Before I get too carried away, I also spotted this quote from Alex Singleton:

According to Alex Singleton, the report’s author: “The Trade Justice Movement thinks the world economy would work better if it were centrally planned. We saw central planning in the Soviet Union and all it produced was poverty. The only trade that has ever lifted countries out of poverty is free trade.”

Ah, well, comrades--two steps forward, one step back....

As far as I can tell, the present world economy goes a long way toward being centrally planned--and most of it’s done by the sort of corporate CEOs and neoliberal politicians who talk most about “free trade.” This quote from Sean Gabb deserves another reading:

If you think that I came here tonight to defend multinational corporations and the international government institutions, you have chosen the wrong person. These are dishonest. They are corrupt. They are incompetent. They have blood on their hands.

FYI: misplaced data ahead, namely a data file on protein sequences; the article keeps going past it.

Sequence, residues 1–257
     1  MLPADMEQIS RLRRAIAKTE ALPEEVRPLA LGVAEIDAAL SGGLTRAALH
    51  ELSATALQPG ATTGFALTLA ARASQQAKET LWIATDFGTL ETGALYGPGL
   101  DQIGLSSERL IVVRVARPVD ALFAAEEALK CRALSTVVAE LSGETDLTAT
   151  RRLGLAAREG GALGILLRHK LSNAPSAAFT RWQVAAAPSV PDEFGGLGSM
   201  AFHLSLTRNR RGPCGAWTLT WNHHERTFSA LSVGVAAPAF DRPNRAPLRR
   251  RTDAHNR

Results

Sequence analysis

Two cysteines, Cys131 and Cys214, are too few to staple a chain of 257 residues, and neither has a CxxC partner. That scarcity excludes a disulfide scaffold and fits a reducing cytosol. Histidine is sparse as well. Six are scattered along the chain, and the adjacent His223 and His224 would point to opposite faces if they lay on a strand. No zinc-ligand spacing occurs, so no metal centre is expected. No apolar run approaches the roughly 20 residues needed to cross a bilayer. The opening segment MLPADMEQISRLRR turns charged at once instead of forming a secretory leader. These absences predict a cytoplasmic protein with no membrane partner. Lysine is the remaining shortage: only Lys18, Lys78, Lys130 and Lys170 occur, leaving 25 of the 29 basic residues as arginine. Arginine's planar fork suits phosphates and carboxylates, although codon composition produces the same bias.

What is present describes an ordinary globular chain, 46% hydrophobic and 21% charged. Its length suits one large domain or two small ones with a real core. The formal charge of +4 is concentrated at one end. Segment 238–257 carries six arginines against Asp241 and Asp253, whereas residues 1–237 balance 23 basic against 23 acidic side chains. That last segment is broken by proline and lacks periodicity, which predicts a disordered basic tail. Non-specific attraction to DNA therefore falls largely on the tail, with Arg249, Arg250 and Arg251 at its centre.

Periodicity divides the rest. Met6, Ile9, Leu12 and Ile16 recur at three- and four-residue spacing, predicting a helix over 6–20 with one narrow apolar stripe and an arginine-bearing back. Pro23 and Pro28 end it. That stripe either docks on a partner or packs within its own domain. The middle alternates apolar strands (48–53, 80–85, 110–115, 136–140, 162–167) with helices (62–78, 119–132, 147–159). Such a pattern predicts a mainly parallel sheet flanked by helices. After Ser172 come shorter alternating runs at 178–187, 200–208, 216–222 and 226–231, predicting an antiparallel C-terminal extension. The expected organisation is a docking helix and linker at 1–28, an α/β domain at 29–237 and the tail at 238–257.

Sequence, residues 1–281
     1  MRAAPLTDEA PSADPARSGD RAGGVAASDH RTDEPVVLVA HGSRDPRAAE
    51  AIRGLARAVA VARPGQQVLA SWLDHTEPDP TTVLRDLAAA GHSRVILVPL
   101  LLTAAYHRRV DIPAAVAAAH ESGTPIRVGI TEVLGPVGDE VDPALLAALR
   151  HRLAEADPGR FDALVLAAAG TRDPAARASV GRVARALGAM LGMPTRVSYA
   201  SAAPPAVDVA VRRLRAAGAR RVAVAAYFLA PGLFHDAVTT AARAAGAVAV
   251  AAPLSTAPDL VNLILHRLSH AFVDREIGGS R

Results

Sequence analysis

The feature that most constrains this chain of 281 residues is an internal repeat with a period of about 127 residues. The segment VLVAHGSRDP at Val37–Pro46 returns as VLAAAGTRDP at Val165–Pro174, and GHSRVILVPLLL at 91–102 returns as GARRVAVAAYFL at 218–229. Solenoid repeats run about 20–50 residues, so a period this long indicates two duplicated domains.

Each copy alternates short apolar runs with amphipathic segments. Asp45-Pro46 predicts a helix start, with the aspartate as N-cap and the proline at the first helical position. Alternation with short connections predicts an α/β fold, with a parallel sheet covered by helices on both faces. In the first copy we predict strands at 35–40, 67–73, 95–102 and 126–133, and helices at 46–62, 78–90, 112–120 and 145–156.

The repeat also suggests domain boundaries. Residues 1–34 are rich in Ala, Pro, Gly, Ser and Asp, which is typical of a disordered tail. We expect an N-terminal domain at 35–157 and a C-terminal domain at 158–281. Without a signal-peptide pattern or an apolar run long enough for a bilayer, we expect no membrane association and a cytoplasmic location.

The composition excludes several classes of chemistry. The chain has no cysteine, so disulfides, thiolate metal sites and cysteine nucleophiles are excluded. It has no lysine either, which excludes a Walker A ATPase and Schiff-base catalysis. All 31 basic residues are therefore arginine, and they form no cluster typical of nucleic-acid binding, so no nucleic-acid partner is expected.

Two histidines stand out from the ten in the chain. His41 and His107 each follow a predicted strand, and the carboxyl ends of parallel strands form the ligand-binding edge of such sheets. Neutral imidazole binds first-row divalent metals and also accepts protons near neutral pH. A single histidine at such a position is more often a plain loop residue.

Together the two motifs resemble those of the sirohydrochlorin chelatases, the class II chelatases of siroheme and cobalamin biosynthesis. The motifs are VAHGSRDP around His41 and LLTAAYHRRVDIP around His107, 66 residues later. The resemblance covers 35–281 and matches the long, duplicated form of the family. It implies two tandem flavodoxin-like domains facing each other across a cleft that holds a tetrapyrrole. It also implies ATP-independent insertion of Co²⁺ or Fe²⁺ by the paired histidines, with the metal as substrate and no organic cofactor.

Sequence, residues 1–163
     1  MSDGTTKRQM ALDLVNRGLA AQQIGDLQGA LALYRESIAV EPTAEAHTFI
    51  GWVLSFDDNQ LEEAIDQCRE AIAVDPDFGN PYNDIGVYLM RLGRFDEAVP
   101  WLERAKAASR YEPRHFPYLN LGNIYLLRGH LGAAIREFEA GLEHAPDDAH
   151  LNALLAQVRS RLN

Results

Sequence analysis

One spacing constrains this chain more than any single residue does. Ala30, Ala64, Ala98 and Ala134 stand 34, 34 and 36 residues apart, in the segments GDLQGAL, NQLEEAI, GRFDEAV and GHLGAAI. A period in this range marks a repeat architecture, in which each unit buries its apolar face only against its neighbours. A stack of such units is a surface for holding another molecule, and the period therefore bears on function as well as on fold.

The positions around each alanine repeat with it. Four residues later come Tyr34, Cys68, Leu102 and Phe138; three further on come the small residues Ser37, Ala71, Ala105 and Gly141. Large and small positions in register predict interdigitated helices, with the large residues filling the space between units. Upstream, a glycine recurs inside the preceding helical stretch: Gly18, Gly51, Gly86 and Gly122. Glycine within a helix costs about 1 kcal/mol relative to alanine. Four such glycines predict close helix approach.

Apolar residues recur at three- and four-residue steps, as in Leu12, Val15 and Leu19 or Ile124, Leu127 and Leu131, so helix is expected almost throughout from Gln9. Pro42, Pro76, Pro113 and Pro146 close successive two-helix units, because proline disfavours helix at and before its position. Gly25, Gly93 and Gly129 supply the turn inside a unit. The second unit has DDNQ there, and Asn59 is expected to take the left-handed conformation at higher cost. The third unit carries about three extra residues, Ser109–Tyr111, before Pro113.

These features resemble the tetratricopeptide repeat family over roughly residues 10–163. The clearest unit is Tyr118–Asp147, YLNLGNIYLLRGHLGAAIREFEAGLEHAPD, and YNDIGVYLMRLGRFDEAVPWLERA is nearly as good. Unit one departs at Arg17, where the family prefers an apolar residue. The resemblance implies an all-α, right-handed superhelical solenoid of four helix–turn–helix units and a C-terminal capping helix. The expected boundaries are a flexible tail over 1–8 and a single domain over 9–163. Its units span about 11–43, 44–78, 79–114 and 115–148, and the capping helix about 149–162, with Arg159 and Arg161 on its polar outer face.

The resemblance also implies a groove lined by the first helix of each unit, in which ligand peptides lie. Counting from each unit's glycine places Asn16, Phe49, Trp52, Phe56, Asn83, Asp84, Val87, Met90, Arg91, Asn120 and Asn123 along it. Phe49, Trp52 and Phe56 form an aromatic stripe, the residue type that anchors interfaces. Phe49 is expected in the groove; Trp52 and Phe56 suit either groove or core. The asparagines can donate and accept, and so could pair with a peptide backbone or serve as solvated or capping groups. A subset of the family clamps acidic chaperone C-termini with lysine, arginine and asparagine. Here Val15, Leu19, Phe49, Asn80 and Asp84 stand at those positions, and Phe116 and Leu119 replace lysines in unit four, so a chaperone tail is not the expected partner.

But do not suppose for a moment that the world trading order as it actually exists is liberal or more than incidentally connected with free markets. A free market is a place where individuals and groups of individuals come together to transact voluntary exchanges without any backing of government force. To call the actually existing order liberal – or “neo-liberal” – is as taxonomically accurate as calling the old Soviet Communist Party syndicalist. That order is based on tariffs, subsidies and a web of other often invisible regulations. The international institutions are a projection of Western states. The multinational corporations are creatures of these states. They shelter behind the privilege of limited liability. They get their political friends to cartelise markets, and do favours in return.

We’ve seen about as much of free trade in the post-1945 world (or the post-1500 world, for that matter) as we did of syndicalism in Stalinist Russia. “Free trade” is something that’s allowed to operate within the interstices of state capitalism, and tolerated only to the extent it’s compatible with a larger state capitalist agenda. So long as corporate elites--our class enemy--are able to determine the strategic framework within which “free market reform” is selectively introduced, the “free market” activity that exists will simply be an engine harnessed to turn the wheels of a state-enforced system of class exploitation. Any description of the benefits of free trade to the Third World, therefore, should be in the subjunctive.